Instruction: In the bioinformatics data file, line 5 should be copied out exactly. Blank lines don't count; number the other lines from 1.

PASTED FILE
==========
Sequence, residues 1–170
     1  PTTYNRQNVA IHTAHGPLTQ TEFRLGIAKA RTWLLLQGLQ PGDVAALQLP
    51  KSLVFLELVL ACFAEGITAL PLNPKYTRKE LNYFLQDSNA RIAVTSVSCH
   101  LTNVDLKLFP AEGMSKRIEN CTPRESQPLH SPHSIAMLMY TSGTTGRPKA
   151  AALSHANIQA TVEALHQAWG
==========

   151  AALSHANIQA TVEALHQAWG